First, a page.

Published on in Children's View
Imagine having to choose who to be with — your newborn daughter, who is dying, or your wife, who is grieving across town. That is the choice Bill Garbose faced in 1988. He and his wife, Lynne, had learned early in their pregnancy that their first child, Emily, had a very rare and fatal heart defect. Emily was born in an adult hospital, but she had to be transported to a children’s hospital 30 minutes away for care. Tragically, she did not survive.
Each year in the United States, routine ultrasounds or OB-GYN visits reveal birth defects in approximately 120,000 unborn babies. After their own experience, the Garboses resolved to spare as many families as possible from having to endure a painful separation from their precious baby.
Years after their devastating loss, the couple partnered with N. Scott Adzick, MD, MMM, and Lori J. Howell, DNP, MS, RN, co-founders of CHOP’s Center for Fetal Diagnosis and Treatment, to create the Garbose Family Special Delivery Unit (SDU). The SDU is the world’s first birthing unit in a freestanding children’s hospital dedicated exclusively to healthy mothers carrying babies with severe or life-threatening birth defects.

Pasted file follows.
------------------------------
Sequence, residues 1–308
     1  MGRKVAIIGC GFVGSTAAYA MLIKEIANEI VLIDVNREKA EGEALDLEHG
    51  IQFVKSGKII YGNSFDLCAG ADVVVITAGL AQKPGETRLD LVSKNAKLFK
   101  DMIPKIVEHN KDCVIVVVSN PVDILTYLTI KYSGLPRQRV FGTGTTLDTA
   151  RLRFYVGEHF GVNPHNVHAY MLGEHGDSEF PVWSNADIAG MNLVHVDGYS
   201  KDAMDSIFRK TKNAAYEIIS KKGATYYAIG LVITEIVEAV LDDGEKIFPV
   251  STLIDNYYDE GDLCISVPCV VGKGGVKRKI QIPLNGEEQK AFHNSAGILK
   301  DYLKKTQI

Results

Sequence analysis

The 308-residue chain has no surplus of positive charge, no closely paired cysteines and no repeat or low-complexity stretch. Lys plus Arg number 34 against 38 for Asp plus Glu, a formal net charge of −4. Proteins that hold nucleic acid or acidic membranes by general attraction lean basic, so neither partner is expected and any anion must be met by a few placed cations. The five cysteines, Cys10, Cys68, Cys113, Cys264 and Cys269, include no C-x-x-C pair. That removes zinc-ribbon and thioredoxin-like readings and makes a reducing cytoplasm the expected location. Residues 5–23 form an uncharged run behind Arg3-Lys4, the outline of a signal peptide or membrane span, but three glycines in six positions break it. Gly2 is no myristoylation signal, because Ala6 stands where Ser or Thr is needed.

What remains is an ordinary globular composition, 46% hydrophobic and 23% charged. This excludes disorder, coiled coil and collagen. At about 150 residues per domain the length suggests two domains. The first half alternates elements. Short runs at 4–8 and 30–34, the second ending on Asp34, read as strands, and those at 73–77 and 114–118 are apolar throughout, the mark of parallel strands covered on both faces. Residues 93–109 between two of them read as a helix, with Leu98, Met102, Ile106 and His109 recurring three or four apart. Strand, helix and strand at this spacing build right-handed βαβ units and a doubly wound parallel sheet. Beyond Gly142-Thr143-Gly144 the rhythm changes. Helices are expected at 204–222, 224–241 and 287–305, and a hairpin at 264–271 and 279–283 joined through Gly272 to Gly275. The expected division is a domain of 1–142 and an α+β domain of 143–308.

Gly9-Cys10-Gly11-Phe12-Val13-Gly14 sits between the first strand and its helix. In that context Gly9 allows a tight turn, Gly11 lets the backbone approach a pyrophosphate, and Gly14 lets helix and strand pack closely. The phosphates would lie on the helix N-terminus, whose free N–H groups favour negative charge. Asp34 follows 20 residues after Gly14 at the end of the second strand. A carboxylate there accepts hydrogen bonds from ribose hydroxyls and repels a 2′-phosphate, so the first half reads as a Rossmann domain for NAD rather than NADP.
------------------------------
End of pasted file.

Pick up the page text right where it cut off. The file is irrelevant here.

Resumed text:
Designed for complex births
In addition to the standard labor and delivery rooms found in an adult hospital, the SDU includes state-of-the-art surgical facilities for lifesaving intervention before, during and immediately after delivery and is close to CHOP’s top-notch Harriet and Ronald Lassin Newborn/Infant Intensive Care Unit and Evelyn and Daniel M. Tabas Cardiac Intensive Care Unit. Its team of surgeons, physicians, nurses and psychosocial staff is deeply dedicated to normalizing the birth experience for families despite the extreme complications surrounding many of these pregnancies.
Since opening 10 years ago, the SDU has kept more than 3,600 families together when they needed each other most and given each baby the best possible opportunity for a bright future. And the Garboses continue to support breakthroughs at CHOP, most recently by funding an endowed research fellowship that will cultivate the next generation of fetal medicine experts.
By the numbers
The impact of the Garbose Family Special Delivery Unit:
- In its first year, there were 205 births in the SDU; now, nearly 500 babies are born in the unit annually.
- The unit has grown from eight to 13 beds.
- More than 500 minimally invasive procedures and 200 open fetal surgeries have been performed in the SDU since 2008.
- Families have come to the SDU from all 50 states and more than 70 countries.
Categories: Children's View Spring 2018